Sweden has transformed its waste-infrastructure program to accommodate the burning of trash. They have taken a process that used to be heavily pollutant and modernized it to create incredible amounts of energy with a low waste output. They’ve even figured out how to turn a lot of that polluting gas into biofuel.
Currently, the Swedish population recycles 1.5 billion bottles and cans annually, which is an amazing amount, relative to the population of about 9.6 million (in 2013).
There are 32 of these amazing reconversion plants, dedicated to turning trash into energy, throughout the country and they are actually at a point where they need to import trash to keep them going. They continue to import trash from the UK, Italy, Norway, and Ireland.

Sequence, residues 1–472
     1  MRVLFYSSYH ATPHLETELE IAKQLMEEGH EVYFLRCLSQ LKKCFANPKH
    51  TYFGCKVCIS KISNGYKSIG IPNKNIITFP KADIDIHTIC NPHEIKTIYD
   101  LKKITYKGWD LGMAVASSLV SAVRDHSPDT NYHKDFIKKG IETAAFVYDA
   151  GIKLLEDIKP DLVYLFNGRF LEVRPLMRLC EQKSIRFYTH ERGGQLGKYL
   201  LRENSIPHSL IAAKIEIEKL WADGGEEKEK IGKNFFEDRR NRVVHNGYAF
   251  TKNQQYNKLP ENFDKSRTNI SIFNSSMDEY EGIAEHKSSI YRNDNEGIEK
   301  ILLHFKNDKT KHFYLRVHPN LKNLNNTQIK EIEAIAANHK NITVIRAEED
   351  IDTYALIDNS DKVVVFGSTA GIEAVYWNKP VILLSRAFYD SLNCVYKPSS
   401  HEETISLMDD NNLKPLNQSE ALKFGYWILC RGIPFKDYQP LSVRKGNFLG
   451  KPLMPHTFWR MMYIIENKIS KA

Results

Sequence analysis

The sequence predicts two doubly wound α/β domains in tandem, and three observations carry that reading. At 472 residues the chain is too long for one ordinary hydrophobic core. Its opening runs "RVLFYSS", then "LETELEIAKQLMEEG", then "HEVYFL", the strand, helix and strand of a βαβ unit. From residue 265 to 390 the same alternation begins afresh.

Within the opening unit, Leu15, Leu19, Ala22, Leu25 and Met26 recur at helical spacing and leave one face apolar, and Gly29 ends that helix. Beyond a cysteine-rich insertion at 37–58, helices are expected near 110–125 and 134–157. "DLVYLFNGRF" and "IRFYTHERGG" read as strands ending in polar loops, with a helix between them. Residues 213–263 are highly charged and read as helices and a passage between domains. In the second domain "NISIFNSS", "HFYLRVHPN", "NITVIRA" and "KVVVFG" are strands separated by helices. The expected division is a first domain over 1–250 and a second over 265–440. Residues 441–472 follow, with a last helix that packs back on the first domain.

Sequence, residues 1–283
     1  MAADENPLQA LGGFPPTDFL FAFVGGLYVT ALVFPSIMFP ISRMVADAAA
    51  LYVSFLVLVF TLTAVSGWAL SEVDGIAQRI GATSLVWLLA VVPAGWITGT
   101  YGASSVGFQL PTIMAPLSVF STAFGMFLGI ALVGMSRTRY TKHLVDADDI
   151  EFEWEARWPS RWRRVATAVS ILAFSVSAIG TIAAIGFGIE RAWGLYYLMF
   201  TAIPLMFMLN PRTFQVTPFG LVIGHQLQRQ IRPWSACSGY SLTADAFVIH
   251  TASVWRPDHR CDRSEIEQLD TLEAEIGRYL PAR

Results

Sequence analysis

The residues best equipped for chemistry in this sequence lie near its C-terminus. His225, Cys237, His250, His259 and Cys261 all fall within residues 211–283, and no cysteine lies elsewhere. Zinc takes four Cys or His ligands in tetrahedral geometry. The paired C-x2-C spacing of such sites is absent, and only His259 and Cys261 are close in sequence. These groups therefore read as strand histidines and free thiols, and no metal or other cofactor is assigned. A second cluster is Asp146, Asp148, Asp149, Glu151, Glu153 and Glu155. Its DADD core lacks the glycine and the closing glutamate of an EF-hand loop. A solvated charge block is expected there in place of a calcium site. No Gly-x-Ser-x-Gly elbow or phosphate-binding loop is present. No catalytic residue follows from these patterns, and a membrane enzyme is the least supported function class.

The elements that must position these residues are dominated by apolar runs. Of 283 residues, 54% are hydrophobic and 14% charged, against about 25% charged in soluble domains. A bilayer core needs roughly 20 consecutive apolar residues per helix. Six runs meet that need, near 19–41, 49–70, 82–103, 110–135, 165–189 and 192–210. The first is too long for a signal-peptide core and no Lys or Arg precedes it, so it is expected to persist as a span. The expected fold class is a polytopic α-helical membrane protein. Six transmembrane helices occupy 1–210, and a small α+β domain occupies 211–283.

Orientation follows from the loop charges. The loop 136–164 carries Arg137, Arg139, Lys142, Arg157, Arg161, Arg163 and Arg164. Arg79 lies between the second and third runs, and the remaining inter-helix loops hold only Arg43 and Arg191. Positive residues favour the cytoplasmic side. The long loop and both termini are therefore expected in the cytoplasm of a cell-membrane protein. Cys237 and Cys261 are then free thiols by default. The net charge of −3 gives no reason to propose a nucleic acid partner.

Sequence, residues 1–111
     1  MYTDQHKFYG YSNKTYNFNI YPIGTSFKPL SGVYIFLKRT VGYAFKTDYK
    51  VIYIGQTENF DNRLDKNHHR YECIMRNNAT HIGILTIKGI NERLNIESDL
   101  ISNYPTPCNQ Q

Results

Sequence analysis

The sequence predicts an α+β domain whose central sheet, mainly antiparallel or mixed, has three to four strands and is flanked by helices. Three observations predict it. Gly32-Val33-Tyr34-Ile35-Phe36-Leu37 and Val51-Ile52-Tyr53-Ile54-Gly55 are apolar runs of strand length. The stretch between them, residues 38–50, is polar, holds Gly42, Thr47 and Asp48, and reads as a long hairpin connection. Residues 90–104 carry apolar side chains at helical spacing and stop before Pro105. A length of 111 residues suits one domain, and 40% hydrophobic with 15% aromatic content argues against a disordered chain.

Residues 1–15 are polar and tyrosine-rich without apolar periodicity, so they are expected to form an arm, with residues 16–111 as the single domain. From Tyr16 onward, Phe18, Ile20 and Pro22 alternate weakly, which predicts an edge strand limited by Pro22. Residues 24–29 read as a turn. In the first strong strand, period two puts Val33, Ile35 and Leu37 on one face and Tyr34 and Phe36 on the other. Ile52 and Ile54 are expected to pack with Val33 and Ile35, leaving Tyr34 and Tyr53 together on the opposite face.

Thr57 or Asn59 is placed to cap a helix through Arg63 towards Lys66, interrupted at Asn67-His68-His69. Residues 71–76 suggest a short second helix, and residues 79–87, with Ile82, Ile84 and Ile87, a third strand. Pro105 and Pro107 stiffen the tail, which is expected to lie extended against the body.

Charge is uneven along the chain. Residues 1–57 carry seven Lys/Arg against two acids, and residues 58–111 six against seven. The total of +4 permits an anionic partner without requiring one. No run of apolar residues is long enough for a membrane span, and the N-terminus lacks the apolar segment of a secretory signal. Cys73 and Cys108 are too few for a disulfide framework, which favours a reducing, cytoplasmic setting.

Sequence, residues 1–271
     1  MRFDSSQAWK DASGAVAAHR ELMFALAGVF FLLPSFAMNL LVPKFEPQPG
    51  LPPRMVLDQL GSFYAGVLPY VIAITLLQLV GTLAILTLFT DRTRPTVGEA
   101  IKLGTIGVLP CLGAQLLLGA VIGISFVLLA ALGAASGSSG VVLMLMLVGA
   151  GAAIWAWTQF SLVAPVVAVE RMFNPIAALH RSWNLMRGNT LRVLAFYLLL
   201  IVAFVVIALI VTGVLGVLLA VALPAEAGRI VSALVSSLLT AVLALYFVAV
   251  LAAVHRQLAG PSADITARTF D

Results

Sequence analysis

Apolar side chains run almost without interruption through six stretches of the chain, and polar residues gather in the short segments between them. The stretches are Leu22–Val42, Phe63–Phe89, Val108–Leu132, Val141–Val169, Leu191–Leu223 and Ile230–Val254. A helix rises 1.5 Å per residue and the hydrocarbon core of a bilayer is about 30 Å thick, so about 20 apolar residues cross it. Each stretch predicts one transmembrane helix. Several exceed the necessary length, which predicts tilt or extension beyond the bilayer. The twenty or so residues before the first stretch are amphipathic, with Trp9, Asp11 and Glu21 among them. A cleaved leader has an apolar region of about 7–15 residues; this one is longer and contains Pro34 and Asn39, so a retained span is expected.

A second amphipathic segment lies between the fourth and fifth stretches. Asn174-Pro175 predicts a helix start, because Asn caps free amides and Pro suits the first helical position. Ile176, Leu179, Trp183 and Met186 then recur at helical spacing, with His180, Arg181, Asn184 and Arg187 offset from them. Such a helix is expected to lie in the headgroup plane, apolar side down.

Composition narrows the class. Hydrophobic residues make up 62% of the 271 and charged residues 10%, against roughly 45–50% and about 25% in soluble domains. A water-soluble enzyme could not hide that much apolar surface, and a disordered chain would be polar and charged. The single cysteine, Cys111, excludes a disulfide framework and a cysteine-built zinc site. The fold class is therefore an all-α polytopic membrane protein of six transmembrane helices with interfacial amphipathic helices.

Burning it is, now, better for the environment than letting it sit there, says Swedish Waste Management communications director Anna-Carin Gripwell. “When waste sits in landfills, leaking methane gas and other greenhouse gasses, it is obviously not good for the environment.”
“We feel that we have responsibility to act responsibly in this area and try to reduce our ecological footprint,” states Per Bolund, Swedish Finance and Consumption Minister. “The consumers are really showing that the want to make a difference and what we’re trying to do from the government’s side is to help them act, making it easier to behave in a sustainable way.”
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